So if you're trying to time the dollar-crash--and who isn't, these days--you might want to pencil in this from page 17 of the Nikkei yesterday (that would beThursday Nov 27). In a more or less routine market-reporting piece, the writer says there are signs the dollar may have topped out against the euro and the GB pound, adding: "This is because the FRB has announced a new financial measure that could amount to as much as $800 billion, and anxiety about the financial soundness of the FRB is starting to emerge." He notes that it is repatriation of foreign investments by US funds and others that has been responsible for the recent dollar-strength, adding: "But if confidence in the dollar is shaken, it is possible that there could be a turn [to dollar-selling] against the euro and other currencies."

US stocks and the dollar this week went in opposite directions in reaction to the $800 billion scheme. The Dow rose for three days in a row, but the dollar was sold off, dropping to 1.3 dollars to the euro for the first time in three weeks; and dropping to its lowest against the GB pound in two weeks. He quotes two people: Senior market economist at Mizuho Corporate Bank who said: "Attention is starting to be paid to the danger of the FRB balance sheet being impaired." As a result of its activities this year, the FRB balance sheet, which was less than $1 trillion at the beginning of the year, is now approaching $3 trillion. (It is a problem not only of size but also of quality. You are supposed to already know that the paper the FRB has been buying from financial institutions and lending against in recent times is not all, shall we say, of the very highest quality). US goverment debt, gold, and cash represented 90% of its assets at the beginning of the year, and that proportion is now only a little over 20%, the journalist notes, elaborating on the Mizuho person's comment.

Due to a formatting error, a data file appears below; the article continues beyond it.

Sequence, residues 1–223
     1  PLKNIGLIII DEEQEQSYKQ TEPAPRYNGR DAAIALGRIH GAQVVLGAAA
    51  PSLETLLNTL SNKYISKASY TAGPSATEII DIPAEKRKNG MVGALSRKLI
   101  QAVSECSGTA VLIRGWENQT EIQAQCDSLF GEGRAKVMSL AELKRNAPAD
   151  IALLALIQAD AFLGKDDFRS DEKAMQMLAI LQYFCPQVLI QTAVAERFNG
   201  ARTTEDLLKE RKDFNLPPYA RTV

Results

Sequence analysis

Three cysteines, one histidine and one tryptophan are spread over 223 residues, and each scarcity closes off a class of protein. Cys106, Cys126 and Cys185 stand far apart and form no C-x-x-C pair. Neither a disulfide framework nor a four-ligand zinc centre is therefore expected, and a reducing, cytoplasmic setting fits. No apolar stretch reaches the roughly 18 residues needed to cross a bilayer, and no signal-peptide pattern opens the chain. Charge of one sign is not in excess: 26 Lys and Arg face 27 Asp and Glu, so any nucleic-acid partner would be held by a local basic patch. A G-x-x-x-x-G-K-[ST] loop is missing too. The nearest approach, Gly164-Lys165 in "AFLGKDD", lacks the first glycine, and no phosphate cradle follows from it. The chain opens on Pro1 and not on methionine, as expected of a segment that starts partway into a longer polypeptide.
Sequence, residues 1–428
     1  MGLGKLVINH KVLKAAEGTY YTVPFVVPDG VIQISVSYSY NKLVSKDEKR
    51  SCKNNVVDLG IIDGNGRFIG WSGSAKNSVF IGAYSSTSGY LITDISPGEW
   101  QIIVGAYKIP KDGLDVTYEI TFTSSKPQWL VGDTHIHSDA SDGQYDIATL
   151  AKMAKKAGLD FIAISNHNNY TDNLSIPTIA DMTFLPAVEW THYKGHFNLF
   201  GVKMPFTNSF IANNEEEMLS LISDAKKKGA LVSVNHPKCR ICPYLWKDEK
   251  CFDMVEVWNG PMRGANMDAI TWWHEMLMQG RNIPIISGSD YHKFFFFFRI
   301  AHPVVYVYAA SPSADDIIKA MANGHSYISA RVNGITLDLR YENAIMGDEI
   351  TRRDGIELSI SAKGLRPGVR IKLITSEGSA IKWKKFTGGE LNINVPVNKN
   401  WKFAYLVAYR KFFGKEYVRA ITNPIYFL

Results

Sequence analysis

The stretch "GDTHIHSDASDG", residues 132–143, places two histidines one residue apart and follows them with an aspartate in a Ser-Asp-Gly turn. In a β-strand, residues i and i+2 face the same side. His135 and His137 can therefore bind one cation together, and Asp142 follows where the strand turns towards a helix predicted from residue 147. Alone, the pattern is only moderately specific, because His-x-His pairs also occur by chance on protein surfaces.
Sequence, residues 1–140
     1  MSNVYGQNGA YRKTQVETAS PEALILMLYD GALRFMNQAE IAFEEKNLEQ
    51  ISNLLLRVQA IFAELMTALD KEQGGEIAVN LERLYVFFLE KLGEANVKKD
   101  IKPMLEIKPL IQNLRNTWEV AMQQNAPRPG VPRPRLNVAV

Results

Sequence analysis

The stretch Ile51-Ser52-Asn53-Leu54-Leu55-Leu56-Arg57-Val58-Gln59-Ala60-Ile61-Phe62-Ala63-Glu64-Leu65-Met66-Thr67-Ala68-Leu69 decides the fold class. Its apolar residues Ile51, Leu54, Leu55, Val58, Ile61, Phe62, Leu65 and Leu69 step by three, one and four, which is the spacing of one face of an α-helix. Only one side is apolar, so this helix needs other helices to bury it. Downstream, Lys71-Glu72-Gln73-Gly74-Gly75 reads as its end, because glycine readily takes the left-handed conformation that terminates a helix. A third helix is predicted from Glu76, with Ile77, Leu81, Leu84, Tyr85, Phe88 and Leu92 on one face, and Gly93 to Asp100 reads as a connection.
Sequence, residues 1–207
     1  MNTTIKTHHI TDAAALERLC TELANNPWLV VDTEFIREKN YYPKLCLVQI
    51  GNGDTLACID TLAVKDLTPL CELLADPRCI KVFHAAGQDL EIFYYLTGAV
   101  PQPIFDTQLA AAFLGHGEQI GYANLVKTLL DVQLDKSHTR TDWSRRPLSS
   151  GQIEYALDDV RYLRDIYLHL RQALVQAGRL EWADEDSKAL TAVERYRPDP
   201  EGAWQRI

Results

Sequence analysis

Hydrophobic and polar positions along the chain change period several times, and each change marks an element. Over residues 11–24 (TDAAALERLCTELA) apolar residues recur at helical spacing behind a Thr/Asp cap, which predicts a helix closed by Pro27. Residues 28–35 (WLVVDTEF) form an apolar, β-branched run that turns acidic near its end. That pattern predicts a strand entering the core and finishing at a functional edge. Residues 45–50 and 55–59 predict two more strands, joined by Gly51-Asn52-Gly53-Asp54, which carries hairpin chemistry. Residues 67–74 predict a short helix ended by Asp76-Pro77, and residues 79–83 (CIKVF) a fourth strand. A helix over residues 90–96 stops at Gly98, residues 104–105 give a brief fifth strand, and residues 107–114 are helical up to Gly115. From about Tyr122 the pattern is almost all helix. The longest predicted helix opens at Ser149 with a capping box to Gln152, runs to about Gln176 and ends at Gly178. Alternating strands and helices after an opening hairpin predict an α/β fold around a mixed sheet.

The other person he quotes is the Tokyo chief foreign exchange strategist for Barclays Bank, who said there is another dollar-weakening factor here. The additional dollar-liquidity caused by these FRB operations makes interest rates drop, making the dollar less attractive. And he said in particular this latest ($800 billion) scheme "is going to be the occasion for a turn to dollar-selling."

The journalist concludes: The "Lehman shock" in September triggered a wave of dollar-repatriation, and as the year-end approaches, we can expect additional dollar-repatriation, this being also a seasonal phenomenon.
But a lot of people think that once this seasonal factor is behind us, the low-interest dollar, to the extent it has recently been bought against the euro and the pound, will be that much more prone to fall (against those two currencies). And also: If there is a turn to dollar-weakening, then the yen-rise/dollar-drop that up to now has been proceeding in a step-by-step way, could get an additional impetus.
So there you are. As far as I know, no one has suggested that if there really was any caving-in on the part of the US government vis-a-vis Iraq it might have had to do with crisis-avoidance owing to their consciousness of the dollar being on the brink. I'm not suggesting it either, I'm just saying.

Possibly not a fairy-tale ending

Friday November 28

AlQuds alArabi concludes its lead editorial, on the Iraqi-US security agreement, like this:
The situation in Iraq following this agreement might not be any better than it was before, in fact it could get worse. Because the resistance is there, and is likely to escalate. And it wouldn't be surprising to see the beginnings of unity between the Sunni and the Shiite resistances, against the background of this agreement.

Also, it is still plausible to think that it was a change in the Iranian position, or more precisely a blunting of the sharpness of its opposition to it, that greatly contributed to the passage of this agreement in Parliament, because otherwise how was the governing coalition able to gather all of this support for it?

Is this an indication of a coming Iran-US agreement, to be launched in Iraq? Or have the Iranian wagers in this matter been mistaken?